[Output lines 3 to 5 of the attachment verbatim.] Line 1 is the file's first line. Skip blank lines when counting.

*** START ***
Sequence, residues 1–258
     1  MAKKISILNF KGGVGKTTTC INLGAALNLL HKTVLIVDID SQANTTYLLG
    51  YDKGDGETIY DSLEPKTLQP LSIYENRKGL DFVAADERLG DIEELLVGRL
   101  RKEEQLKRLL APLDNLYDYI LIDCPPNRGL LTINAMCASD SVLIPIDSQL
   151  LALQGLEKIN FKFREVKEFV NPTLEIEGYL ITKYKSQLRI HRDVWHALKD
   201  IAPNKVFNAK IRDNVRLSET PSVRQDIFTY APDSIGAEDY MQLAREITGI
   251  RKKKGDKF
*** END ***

    51  YDKGDGETIY DSLEPKTLQP LSIYENRKGL DFVAADERLG DIEELLVGRL
   101  RKEEQLKRLL APLDNLYDYI LIDCPPNRGL LTINAMCASD SVLIPIDSQL
   151  LALQGLEKIN FKFREVKEFV NPTLEIEGYL ITKYKSQLRI HRDVWHALKD